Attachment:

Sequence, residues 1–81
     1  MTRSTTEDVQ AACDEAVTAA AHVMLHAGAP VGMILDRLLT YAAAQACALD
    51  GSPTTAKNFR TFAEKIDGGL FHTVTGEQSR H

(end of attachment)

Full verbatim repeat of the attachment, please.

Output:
Sequence, residues 1–81
     1  MTRSTTEDVQ AACDEAVTAA AHVMLHAGAP VGMILDRLLT YAAAQACALD
    51  GSPTTAKNFR TFAEKIDGGL FHTVTGEQSR H